There’s an interesting passage that underscores that in the book of Exodus 4. At first appearance it seems to be sort of a mysterious and out of place little episode. Here we have Moses, and he’s on his way to deliver the children of Israel out of bondage in Egypt. God has given him his orders, but he has not been among God’s people for years. He has not married of God’s people; he married a Midianite woman, so now business has to be taken care of.

Look at Exodus 4:24-26. Moses is headed to meet Aaron and they’re about to begin the whole process of the exodus:

Now it came about at the lodging place on the way that the LORD met him [Moses] and sought to put him to death. Then Zipporah [Moses’ Midianite wife] took a flint and cut off her son’s foreskin and threw it at Moses’ feet, and she said, "You are indeed a bridegroom of blood to me." So He let him alone. At that time she said, "You are a bridegroom of blood" -- because of the circumcision.

Then Moses proceeded on to meet with Aaron, and to begin dealing with the children of Israel and to get them out of the land. What’s going on here? Abraham predated Moses by 600 years. You cannot be God’s person in this economy without being circumcised. Moses has married a woman to whom circumcision was nothing, and we can understand by this little spat that it was an issue with them. Moses understood the significance of circumcision. Zipporah is saying, "What’s the point?" So God said, "We go no further. As a matter of fact, Moses, I can replace you if you don’t deal with the sign of the covenant here and now." So Zipporah said, "Ah, nuts," and took care of it herself.

"Bridegroom of blood" -- a tough mark of the covenant.

So, now we come to Joshua 5. Much of what Moses went through, Joshua did also. Here in Joshua 5, all that is going on, is that the covenant is reaffirmed. It’s a confirmation of Joshua’s taking Moses’ place, a reminder that God had gone nowhere, that He was still there and the contract was still in effect. The people were getting back to where God wanted them to be; the males are circumcised. They now are outwardly identified as the people of God. They are prepared to move forward. The point is, if you want security in the Lord as God’s people, if you want to know God is with you, be sure that the covenant is reaffirmed.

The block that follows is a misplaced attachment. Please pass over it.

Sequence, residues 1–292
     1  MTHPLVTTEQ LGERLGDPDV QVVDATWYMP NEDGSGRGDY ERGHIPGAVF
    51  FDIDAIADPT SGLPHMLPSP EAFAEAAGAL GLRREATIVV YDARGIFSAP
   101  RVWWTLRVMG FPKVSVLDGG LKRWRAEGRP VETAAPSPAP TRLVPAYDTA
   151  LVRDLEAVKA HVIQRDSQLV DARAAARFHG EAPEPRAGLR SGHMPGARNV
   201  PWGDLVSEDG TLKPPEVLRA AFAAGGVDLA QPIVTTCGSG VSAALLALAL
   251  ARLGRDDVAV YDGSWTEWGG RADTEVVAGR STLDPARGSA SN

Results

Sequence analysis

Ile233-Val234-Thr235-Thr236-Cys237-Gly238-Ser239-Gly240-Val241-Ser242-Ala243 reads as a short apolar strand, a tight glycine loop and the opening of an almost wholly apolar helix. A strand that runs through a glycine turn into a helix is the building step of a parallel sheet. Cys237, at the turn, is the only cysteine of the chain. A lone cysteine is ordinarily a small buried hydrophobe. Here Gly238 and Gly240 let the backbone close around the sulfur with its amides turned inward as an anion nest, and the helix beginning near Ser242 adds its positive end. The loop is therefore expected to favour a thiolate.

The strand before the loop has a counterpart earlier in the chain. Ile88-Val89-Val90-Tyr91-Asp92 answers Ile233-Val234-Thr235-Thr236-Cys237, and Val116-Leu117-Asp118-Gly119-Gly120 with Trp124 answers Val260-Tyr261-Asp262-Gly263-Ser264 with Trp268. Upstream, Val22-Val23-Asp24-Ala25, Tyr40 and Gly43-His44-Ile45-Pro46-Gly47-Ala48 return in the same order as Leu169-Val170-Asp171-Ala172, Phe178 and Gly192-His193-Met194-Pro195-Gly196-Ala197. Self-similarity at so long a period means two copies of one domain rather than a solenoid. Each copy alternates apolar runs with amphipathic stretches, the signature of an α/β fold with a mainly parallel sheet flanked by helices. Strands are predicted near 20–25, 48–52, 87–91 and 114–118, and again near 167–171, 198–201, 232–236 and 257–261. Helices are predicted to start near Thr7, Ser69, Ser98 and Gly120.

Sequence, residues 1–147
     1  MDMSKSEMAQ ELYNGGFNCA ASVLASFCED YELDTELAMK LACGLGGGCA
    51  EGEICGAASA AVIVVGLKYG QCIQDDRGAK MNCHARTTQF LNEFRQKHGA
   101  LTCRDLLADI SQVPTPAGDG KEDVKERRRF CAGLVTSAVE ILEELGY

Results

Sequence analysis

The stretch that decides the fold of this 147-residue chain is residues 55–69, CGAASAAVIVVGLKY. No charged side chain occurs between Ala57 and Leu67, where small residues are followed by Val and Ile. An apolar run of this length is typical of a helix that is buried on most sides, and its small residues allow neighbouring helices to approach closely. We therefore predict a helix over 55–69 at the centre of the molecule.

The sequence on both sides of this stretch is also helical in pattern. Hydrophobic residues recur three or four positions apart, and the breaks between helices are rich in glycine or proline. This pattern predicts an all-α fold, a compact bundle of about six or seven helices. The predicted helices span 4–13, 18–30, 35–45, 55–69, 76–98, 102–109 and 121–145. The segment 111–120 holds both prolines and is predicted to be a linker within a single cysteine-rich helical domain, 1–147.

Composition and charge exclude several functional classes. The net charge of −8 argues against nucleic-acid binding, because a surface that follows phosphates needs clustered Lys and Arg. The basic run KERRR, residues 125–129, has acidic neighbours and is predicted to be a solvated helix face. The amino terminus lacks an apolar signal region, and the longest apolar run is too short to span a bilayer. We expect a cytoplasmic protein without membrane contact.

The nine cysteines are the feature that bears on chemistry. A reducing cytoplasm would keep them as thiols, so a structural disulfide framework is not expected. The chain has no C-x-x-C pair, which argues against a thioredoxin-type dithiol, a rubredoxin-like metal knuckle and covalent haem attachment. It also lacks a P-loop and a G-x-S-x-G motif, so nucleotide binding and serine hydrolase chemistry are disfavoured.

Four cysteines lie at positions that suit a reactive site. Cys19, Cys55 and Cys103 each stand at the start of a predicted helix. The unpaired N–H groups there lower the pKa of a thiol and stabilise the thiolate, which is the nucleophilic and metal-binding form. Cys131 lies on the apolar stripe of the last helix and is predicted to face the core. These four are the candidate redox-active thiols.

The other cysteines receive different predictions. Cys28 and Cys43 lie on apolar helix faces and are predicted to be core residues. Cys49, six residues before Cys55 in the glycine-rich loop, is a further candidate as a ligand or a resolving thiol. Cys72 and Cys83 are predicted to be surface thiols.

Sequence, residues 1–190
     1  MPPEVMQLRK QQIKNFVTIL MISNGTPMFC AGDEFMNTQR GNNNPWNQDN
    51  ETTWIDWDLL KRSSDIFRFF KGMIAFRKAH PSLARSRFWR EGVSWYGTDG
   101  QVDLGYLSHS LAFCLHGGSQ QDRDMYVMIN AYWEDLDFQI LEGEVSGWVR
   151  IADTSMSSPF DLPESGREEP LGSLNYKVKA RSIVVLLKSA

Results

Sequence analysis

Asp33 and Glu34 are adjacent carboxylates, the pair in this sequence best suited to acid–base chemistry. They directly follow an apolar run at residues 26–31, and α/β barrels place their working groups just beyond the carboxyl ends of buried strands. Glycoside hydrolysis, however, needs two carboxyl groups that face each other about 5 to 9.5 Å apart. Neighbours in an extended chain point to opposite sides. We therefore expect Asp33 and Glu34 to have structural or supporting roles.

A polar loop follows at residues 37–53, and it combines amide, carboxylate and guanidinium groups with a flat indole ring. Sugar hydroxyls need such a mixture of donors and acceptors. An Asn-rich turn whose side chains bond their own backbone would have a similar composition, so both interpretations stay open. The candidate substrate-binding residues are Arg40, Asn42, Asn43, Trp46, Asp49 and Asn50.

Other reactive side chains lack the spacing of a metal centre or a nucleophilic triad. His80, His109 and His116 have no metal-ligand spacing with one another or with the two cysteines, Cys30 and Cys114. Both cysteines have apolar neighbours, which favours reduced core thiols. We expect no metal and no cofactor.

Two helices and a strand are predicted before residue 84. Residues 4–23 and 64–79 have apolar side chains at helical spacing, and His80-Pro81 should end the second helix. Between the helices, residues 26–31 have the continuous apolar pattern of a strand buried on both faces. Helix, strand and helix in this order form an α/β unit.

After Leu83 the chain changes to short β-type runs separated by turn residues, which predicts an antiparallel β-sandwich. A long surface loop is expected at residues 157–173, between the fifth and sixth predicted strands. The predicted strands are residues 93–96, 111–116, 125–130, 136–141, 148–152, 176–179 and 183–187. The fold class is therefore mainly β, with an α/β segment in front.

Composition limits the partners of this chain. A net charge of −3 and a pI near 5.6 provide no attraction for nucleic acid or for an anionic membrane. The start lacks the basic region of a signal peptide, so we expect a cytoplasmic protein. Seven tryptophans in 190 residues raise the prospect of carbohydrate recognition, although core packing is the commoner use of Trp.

There is much security in a covenant, much security in a contract. Sometimes that’s all we have. "But we made a deal, we signed a paper," and sometimes that takes us even to a court of law in order to enforce the terms of a covenant, of a contract. And that’s exactly what’s going on here. This is an outward sign for the nation’s well being before God, and sometimes this gets confusing for God’s people because God dealt, in these chapters of the Bible, with Israel as a nation. Not everything that God dealt with as a nation transfers to the individual believer. This is a national issue here. These are God’s people so if they want as a nation to occupy the land that God has specifically set out for them, then this they must do.

The Bible writers, though, were fully aware that simply being circumcised, while it may identify a person with the nation of Israel, and while it may get that person across the Jordan and into the Promised Land and beyond Jericho, that doesn’t get a person to heaven. That’s why the prophets, Ezekiel and Jeremiah and Amos, would come back to the notion of circumcision of the heart being what God is really interested in. Where is your heart? Even a pagan who is physically uncircumcised, if his heart is circumcised, in other words, made right with God, then heaven awaits.

The Bible always brings us back to the heart issue. Heaven’s requirements, doesn’t enter in at this point, under this covenant. The requirement to get to heaven comes under what we call the New Covenant, and the New Covenant is introduced as a covenant of the heart and referred to as a circumcision of the heart. It’s on this side of the cross.

I want to introduce you to a passage of scripture in the book of Colossians, which I find to be a very interesting connection with where we are. In Colossians 2, there’s a transition that has occurred between the Old Testament economy and that of the New. Now we’re not dealing only with the ethnic Israelites, now we’re dealing with the nations of the world. We’ve moved beyond the outward sign of physical circumcision. The emphasis of the Scripture is on the disposition of the heart. In Colossians 2, beginning in verse 9, watch the transition that the apostle makes:

Colossians 2
9 For in Him
[Jesus] all the fulness of Deity dwells in bodily form,
10 and in Him you have been made complete, and He is the head over all rule and authority;  11 and in Him you were also circumcised with a circumcision made without hands, in the removal of the body of the flesh by the circumcision of Christ;

A supernatural one. In Him you’ve had surgery, but not a physical surgery; a circumcision made without hands and the removal of the body of the flesh by the circumcision of Christ. What does he mean? He tells us in verse 12:

having been buried with Him in baptism, in which you were also raised up with Him through faith in the working of God, who raised Him from the dead.

This means, that as far as Jesus and the apostles and the early church and the Christian church are concerned, baptism -- and we’re talking now about water baptism by immersion -- takes the place of circumcision. In what sense? As an outward sign, an outward symbol, outward gesture of an inward desire of the heart and commitment to the Lord, basically the same thing that was enjoined upon the children of Israel in Joshua 5.

Circumcision now, according to the apostle Paul, is represented in the waters of baptism;

not going into the water of baptism in order to become a Christian, but going into the water to identify with the death, burial, and resurrection of Jesus Christ. Saying, "If I’m in Him, and He lives forever, so do I." The outward sign for us today is baptism, according to the Scriptures.

Ongoing preparation, all the time, knowing that God is ahead of us. Only once ought we need to be baptized. The surgery that these gentlemen endured many years ago, was only one surgery. Beyond that, they are forever identified as sons of the children of Israel.

Joshua 5:9-12 --- Maintenance on Occasion